Pottery from the Amarneh Cemetery at Til Barsip

Illustration

Osama Shukir Muhammed Amin
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published on 08 September 2017
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Much of the known pottery from the Euphrates region comes from tombs, often in large cemeteries attached to settlement sites. The tombs are of a variety of types, but most typically they consist of rock-cut or stone-built subterranean chambers designed for multiple successive use.

One of the largest excavated tombs of this sort is the so-called" hypogeum" at Til Barsip, which contained over 1000 complete pottery vessels. The pottery here is from various tombs in the Amarneh cemetery, arranged to give an impression of the density of material within such tombs. Early Bronze Age, 2600-2000 BCE. From Amarneh cemetery at Til Barsip, modern-day Aleppo Governorate, Syria. (The British Museum, London)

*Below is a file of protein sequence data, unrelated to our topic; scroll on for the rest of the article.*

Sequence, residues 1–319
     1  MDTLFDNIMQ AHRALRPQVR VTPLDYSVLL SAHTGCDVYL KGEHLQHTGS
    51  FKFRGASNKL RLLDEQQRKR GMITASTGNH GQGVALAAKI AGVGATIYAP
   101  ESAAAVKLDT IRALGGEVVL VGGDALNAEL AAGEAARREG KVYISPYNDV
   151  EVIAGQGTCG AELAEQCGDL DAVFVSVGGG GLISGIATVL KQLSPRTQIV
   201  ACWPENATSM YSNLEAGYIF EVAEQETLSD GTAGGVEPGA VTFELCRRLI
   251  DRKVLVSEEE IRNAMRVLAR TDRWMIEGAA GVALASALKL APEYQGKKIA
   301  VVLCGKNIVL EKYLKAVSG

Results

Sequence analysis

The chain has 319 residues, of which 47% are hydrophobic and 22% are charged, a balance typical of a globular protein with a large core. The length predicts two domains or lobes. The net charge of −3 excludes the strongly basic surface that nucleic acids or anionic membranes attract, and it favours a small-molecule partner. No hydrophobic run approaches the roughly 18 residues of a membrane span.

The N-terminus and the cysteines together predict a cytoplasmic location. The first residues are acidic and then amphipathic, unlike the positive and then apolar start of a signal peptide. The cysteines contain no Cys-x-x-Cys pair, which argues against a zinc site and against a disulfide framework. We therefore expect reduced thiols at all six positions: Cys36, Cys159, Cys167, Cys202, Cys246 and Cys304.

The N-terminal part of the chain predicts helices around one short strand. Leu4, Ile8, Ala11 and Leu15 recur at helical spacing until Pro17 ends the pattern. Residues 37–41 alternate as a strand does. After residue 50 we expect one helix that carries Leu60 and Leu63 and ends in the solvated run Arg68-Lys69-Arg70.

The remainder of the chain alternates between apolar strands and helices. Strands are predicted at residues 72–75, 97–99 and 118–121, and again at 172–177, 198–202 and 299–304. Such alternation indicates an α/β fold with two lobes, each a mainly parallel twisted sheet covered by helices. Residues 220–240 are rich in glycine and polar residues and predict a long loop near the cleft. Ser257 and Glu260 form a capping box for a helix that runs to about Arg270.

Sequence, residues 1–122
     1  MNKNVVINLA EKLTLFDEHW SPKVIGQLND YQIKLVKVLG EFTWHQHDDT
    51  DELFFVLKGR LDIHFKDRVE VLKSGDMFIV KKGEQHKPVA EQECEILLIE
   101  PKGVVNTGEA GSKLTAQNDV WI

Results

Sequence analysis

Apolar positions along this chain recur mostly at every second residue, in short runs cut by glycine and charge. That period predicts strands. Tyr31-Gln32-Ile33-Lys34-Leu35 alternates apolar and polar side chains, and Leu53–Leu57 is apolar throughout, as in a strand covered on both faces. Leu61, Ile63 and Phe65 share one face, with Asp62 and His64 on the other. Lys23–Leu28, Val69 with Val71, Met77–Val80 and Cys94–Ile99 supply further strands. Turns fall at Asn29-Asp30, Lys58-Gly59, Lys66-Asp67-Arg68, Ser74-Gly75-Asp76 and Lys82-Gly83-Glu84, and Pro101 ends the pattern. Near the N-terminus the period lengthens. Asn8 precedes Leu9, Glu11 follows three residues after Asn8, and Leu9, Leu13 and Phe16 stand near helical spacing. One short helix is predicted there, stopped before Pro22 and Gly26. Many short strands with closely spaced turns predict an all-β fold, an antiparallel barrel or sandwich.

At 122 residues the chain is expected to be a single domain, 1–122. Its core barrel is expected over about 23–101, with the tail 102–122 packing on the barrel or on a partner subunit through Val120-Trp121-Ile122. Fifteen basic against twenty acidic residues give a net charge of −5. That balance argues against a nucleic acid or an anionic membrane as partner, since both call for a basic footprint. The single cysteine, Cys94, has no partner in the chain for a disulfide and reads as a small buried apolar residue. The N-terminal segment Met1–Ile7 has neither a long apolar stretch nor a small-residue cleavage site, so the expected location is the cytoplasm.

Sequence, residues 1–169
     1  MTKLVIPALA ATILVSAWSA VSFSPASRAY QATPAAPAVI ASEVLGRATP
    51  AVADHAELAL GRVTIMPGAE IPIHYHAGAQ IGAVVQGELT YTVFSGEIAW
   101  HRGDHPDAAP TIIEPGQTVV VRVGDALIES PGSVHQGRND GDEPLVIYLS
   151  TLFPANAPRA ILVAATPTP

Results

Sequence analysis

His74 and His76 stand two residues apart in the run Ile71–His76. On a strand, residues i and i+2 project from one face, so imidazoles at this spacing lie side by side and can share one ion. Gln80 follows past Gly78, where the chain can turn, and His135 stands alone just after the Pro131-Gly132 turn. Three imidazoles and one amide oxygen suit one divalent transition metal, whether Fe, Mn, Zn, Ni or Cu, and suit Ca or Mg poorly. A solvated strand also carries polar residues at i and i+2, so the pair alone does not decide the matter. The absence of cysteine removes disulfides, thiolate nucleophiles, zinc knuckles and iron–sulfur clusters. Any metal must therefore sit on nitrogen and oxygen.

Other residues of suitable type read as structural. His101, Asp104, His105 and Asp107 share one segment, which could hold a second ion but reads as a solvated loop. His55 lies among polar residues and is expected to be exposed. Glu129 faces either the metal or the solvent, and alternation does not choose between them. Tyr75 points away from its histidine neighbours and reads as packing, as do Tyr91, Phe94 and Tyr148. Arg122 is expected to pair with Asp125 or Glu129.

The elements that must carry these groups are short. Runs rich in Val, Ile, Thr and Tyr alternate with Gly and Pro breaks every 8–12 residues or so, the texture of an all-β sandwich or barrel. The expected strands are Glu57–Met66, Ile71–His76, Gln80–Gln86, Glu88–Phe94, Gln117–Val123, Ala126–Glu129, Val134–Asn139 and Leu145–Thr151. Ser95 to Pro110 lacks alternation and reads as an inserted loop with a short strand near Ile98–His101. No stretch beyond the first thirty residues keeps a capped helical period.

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About the Author

Osama Shukir Muhammed Amin
Associate Professor of Neurology and lover of the Cradle of Civilization, Mesopotamia. I'm very interested in Mesopotamian history and always try to take photos of archaeological sites and artifacts in museums, both in Iraq and around the world.

Cite This Work

APA Style

Amin, O. S. M. (2017, September 08). Pottery from the Amarneh Cemetery at Til Barsip. World History Encyclopedia. Retrieved from https://www.worldhistory.org/image/7217/pottery-from-the-amarneh-cemetery-at-til-barsip/

Chicago Style

Amin, Osama Shukir Muhammed. "Pottery from the Amarneh Cemetery at Til Barsip." World History Encyclopedia. Last modified September 08, 2017. https://www.worldhistory.org/image/7217/pottery-from-the-amarneh-cemetery-at-til-barsip/.

MLA Style

Amin, Osama Shukir Muhammed. "Pottery from the Amarneh Cemetery at Til Barsip." World History Encyclopedia. World History Encyclopedia, 08 Sep 2017. Web. 22 Oct 2021.